Ian S Mohan, a teacher based in Trinidad, was one of many volunteers who are helping out at World Cup venues. He outlines his experiences during the first-round matches.
Now that the travelling circus has left the shores of Trinidad and the natives have returned to their normal way of life, the true impact of the World Cup has finally sunk in.
On the first day of volunteering we were a happy bunch of naive Trinis who could not wait to see the tourists and usher them to their seats and, if called on, we would have been happy to stand next to and fan the tourists until the prizegiving. We were really eager to work for our country and the beloved game - a true bunch of patriots.
It was a culture shock for us all when we went to the Queens Park Oval. We got an idea of what was in store at the University of the West Indies (UWI) warm-up games as well.
The biggest impression in my mind was the curtailing of freedom in your own country. It was martial law in the confines of a cricket ground. At the ground, water was TT$12 (US$2) a bottle - outside the fence and in the UWI caf it was TT$4.50. A beer was TT$18 a cup - over at the caf it was only TT$6.
The spectators passed the bars and concessions and simply walked away. One spectator, who on the first warm-up game arrived with his own water, was told he could not enter the arena with his plastic bottle, especially with the cap on, as this was clearly a weapon of mass destruction. He was taken from the UWI by paramedics at 3pm suffering from dehydration, because he could not afford to purchase water at the inflated price .
This was the highlight of the World Cup for me. I continued to volunteer (but the fire was out) as I was moved by that cricket fan who waited a lifetime to be a part of the first World Cup and almost paid the ultimate price.
Thousands of real cricket fans stayed away - they said they had self respect and pride and would not pay money to be treated this way.
It dawned to me that the ICC does not care about our little countries and our economies. They are alien to the socio-economic status and the way of life of the spectators of cricket, and the culture of the peoples of the Caribbean, and even Asia ... for that matter, the world. They care only about image, ambush marketing, television and money.
They don't care about the people who keep cricket alive: us. Thousands of real cricket fans stayed away - they said they had self respect and pride and would not pay money to be treated this way. I now understand their view and feel that I compromised my self respect to be part of the tournament. We were told how to talk, how to smile, how to welcome the tourists, how to speak. We had a handbook to learn from.
The ICC twisted the arms of small island states to institute draconian laws to facilitate the World Cup. Why? We have been holding ODIs for 30 years, and win, lose, or draw, the end was peaceful. The biggest terrorist in the Caribbean is rain, as it threatens any game. We were stripped of our water, food, and our true West Indian flavor that visitors come to the Caribbean to take part in. We were told to sit quiet, not to be too loud, not to disturb the spectators ... but to have fun and enjoy the game. Bull.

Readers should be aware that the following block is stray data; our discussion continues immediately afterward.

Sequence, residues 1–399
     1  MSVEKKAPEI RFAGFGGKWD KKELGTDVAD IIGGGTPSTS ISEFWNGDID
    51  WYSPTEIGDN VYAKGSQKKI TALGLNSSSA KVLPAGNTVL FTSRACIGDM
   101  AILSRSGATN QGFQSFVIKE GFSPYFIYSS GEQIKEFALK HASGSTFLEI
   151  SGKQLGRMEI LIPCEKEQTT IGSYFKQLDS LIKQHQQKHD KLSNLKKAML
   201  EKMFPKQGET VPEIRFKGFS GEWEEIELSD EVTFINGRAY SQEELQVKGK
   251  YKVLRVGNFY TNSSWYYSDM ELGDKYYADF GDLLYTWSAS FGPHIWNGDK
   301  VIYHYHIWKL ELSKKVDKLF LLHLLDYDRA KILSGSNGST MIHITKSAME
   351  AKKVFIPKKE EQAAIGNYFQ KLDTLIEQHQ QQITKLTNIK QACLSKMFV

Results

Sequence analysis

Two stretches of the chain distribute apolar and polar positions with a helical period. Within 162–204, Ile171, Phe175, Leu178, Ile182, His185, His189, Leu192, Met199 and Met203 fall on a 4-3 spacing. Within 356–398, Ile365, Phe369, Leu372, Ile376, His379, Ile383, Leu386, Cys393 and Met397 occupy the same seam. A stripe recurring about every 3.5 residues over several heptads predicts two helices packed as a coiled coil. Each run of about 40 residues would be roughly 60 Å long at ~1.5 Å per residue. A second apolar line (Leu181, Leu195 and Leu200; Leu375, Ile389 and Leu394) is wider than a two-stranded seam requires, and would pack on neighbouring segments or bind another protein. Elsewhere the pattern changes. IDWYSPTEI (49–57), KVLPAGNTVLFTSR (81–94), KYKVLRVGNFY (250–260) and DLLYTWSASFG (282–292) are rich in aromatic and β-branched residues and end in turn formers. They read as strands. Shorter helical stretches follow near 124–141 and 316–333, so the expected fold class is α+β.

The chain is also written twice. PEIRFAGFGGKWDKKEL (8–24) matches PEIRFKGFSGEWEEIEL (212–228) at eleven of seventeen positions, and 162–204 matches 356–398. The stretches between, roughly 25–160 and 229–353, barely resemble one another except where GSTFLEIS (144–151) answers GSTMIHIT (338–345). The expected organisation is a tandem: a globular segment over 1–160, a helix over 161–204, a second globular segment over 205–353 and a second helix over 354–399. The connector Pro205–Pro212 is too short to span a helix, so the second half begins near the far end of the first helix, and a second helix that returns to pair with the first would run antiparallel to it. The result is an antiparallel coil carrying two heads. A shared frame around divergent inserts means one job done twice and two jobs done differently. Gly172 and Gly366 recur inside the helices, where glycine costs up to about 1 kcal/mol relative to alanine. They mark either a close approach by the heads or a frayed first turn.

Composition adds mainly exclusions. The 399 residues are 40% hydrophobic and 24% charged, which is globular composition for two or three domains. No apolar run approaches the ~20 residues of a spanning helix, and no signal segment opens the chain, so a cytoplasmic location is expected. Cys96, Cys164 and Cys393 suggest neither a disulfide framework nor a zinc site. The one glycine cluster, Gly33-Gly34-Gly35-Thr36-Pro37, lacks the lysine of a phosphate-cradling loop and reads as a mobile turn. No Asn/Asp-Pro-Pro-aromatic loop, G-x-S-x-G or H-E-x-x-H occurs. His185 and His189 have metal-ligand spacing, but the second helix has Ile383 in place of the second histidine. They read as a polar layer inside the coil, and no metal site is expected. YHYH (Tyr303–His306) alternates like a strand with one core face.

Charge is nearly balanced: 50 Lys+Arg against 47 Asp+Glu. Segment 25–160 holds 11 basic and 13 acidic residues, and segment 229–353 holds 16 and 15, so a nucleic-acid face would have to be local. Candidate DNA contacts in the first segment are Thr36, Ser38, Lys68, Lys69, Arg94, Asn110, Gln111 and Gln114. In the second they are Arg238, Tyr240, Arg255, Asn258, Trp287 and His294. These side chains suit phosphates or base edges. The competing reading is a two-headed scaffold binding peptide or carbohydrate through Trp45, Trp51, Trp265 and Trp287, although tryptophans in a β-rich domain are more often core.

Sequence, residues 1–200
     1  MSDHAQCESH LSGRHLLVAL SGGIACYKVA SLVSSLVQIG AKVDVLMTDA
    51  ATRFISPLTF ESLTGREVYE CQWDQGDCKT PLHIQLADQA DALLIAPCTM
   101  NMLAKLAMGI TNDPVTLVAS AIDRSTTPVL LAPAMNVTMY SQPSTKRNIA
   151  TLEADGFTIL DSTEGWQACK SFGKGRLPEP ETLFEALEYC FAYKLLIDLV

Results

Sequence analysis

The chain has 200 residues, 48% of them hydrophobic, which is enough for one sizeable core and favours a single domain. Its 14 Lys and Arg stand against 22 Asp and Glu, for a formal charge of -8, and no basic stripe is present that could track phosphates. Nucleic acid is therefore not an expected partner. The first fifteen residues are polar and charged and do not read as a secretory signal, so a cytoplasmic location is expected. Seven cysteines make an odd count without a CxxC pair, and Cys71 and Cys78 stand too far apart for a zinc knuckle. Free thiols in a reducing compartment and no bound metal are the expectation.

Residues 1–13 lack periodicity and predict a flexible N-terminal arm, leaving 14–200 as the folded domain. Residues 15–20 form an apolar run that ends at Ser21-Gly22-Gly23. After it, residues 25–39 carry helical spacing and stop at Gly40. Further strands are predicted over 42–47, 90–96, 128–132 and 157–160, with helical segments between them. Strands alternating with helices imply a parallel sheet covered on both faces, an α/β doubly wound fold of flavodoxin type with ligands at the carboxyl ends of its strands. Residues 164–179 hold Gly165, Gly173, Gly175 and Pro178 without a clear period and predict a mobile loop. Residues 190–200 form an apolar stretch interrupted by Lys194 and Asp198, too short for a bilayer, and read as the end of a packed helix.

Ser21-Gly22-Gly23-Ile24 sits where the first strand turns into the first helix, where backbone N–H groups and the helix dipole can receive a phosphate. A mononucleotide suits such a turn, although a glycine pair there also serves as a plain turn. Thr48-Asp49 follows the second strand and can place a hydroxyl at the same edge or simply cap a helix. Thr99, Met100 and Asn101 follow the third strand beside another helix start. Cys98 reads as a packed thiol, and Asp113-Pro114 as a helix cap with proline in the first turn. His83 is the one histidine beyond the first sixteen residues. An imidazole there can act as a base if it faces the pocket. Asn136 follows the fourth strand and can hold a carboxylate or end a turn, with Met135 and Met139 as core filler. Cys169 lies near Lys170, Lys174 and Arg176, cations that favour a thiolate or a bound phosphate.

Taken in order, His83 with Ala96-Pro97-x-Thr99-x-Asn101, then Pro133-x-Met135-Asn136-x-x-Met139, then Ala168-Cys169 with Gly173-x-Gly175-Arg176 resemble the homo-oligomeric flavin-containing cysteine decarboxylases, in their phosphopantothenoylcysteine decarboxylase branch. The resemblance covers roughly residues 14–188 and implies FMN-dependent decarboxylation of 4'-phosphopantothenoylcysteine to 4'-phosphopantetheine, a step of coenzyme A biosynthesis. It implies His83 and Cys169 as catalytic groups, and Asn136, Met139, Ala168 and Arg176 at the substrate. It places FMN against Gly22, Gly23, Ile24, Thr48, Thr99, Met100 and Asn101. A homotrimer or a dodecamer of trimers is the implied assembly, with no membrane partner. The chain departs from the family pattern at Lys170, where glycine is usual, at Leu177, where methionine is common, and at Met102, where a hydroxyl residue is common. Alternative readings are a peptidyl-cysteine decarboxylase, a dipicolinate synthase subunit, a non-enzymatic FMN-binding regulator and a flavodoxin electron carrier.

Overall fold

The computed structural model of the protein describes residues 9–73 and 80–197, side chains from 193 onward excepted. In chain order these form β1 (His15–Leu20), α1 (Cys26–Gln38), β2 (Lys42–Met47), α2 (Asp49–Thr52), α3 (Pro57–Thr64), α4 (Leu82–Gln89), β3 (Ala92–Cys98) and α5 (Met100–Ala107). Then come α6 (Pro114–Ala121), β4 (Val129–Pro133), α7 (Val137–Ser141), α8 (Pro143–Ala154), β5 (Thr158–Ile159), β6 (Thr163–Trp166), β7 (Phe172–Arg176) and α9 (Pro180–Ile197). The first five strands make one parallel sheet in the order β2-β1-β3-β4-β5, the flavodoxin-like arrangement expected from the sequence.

How can you enjoy a cricket match and not show your enthusiasm or disgust? The biggest joke was that the nuts man, who in Trinidad tosses his packs from the front row to anywhere in the stands, was told by ICC that he has to deliver in hand the packets. No one has never been hit and if so only his pride is dented for not being able to make a clean catch.
The nuts man also had to change his sales pitch - his unique call - to that of "Nuts! Nuts!". Our nuts men also are walking comedians, giving and taking jokes, but not at the World Cup. They were censured. They took the abuse for the high prices and said meet them at the next ODI series and they would give you the answer. You could have seen the agony, instead of pride, in the nuts men at this gala event. Oh, and the nuts were TT$6 - at a normal ODI they would be half the price. We bought, only to save the nuts men from bankruptcy, for they are as essential as the umpires to cricket in the Caribbean.
The volunteering did have its benefit . I was able to see more cricket than normal - don't let on that you saw cricket as a volunteer, though. I met many foreigners, and was really happy to welcome them to my beloved Trinidad. I enjoyed the modified Queens Park Oval, I would enjoy cricket in 2008, whoever is coming to beat the West Indies.
Volunteering is a calling, and you have to love doing it. I wanted to be a part of the World Cup because I love the game, will always love the game and would do it again. The ICC must be empathetic to us; the audiences. People of all walks of life make up the paying patrons, and it's the poor who sacrifice the most to see their heroes perform. If we are to bring the championships back to the Caribbean they must think about the people. The games are not well attended as the spectators will not pay to be abused. Caribbean people have their pride.
It was sad to watch our Muslim brothers and sisters agonise during the lunch breaks as they were unable to get a venue for prayer. The Local Organising Committee did not take into consideration the religious aspect of the spectators. It was the visiting Pakistani and Bangladeshis who wanted to go to the mosque, but they were denied exit passes to visit the St James Mosque, which was one mile away. These spectators were genuine in their need and were bluntly told that there was a no re-entry policy. It was even difficult to get water to do their ritual washing before prayers.
This World Cup will be remembered for the wrong reasons. The good work of the volunteers has been overshadowed by the off-field drama and the insults meted out by the ICC to the proud Caribbean people.